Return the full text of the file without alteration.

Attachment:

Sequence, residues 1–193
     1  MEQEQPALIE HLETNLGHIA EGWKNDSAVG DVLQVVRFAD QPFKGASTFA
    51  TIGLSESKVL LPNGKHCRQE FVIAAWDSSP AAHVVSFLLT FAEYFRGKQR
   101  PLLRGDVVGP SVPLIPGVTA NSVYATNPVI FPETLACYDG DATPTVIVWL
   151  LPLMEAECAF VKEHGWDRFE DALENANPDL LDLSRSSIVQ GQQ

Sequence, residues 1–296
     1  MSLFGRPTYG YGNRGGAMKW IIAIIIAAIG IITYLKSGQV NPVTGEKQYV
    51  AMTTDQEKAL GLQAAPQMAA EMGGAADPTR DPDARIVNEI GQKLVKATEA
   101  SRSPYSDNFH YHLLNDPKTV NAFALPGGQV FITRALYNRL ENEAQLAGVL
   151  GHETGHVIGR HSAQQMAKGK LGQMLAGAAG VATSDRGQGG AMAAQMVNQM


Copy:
Sequence, residues 1–193
     1  MEQEQPALIE HLETNLGHIA EGWKNDSAVG DVLQVVRFAD QPFKGASTFA
    51  TIGLSESKVL LPNGKHCRQE FVIAAWDSSP AAHVVSFLLT FAEYFRGKQR
   101  PLLRGDVVGP SVPLIPGVTA NSVYATNPVI FPETLACYDG DATPTVIVWL
   151  LPLMEAECAF VKEHGWDRFE DALENANPDL LDLSRSSIVQ GQQ

Sequence, residues 1–296
     1  MSLFGRPTYG YGNRGGAMKW IIAIIIAAIG IITYLKSGQV NPVTGEKQYV
    51  AMTTDQEKAL GLQAAPQMAA EMGGAADPTR DPDARIVNEI GQKLVKATEA
   101  SRSPYSDNFH YHLLNDPKTV NAFALPGGQV FITRALYNRL ENEAQLAGVL
   151  GHETGHVIGR HSAQQMAKGK LGQMLAGAAG VATSDRGQGG AMAAQMVNQM